Employment e-Brief – The new type of employment contract
Thursday 18th October 2012
The big news last week seemed to be George Osborne’s announcement of plans for a new type of employment contract, “the owner-employee contract”.
The proposal, which appears to have received a lukewarm welcome at best from employers, involves a new contract under which employees will give up some of their employment law rights in return for tax-efficient shares in the employer’s business. The owner-employee status will be optional for existing employees but may become obligatory for new employees at the request of the employer.
THE MAIN FEATURES OF THE OWNER-EMPLOYEE CONTRACT
- The employee will receive £2,000 – £50,000 of shares exempt from capital gains tax if the shares are later sold at a profit;
- The employee will give up their rights concerning unfair dismissal, redundancy, the right to request flexible working and time off for training;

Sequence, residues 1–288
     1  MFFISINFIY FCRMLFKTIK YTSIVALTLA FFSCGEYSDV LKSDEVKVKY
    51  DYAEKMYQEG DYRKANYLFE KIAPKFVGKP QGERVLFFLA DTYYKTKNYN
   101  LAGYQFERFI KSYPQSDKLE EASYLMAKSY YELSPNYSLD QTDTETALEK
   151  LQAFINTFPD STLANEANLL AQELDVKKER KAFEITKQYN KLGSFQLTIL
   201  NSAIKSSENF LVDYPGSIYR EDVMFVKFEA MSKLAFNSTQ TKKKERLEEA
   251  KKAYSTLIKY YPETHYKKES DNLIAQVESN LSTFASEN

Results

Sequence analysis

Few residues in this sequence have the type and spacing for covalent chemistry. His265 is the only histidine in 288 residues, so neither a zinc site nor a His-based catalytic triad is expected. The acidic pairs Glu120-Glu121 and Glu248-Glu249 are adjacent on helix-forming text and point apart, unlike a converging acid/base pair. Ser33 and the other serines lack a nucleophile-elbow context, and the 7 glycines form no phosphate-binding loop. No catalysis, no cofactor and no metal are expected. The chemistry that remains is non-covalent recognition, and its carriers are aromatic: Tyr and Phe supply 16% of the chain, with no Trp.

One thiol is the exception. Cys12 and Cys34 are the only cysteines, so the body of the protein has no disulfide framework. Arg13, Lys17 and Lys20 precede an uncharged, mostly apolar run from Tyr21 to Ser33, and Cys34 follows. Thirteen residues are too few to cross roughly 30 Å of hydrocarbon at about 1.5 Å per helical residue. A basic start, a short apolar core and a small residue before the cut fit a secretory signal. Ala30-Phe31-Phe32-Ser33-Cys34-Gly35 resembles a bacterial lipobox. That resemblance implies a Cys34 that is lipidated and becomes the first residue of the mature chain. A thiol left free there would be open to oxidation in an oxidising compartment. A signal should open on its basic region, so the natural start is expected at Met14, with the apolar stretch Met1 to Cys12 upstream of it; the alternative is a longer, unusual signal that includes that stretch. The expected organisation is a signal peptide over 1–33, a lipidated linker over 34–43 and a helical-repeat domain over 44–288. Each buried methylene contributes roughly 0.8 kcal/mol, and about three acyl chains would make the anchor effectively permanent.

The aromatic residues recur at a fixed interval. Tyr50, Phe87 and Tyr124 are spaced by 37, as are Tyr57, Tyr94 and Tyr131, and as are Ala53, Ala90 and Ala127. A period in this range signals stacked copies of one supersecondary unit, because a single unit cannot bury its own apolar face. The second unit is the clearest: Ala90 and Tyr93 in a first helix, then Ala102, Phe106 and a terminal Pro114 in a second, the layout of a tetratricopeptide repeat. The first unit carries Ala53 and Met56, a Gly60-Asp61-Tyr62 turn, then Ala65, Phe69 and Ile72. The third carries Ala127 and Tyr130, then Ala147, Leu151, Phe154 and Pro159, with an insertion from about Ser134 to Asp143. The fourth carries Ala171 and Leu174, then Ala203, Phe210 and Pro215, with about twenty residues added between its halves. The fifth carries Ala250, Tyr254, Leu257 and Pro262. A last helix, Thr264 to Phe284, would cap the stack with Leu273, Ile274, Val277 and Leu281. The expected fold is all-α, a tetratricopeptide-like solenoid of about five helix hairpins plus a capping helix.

- The employee will also be required to provide 16 weeks’ notice of return to work from maternity leave, in contrast to the usual 8.
The proposal is aimed at allowing fast growing businesses to recruit a more flexible workforce. However, for some the promise of possible future tax free gains if the business is successful, may not be sufficiently attractive to encourage new joiners to firms who only offer the new style contracts of employment. Equally, many employers may have no desire for employees to access equity in their company and certainly, the potential for lots of disputes without carefully drawn up shareholders’ agreements is considerable. Also, whether firms will want the added expense and headache of considering such documentation is not yet known. Before jumping in therefore, both employment and corporate law advice would be essential.
It is suggested that legislation will introduce the new contract of employment later this year, with Companies able to use the contract from April 2013. Whether that is possible in the available time is anyone’s guess!
If you have are questions about this e-Brief or employment law in general you should contact the Employment Team.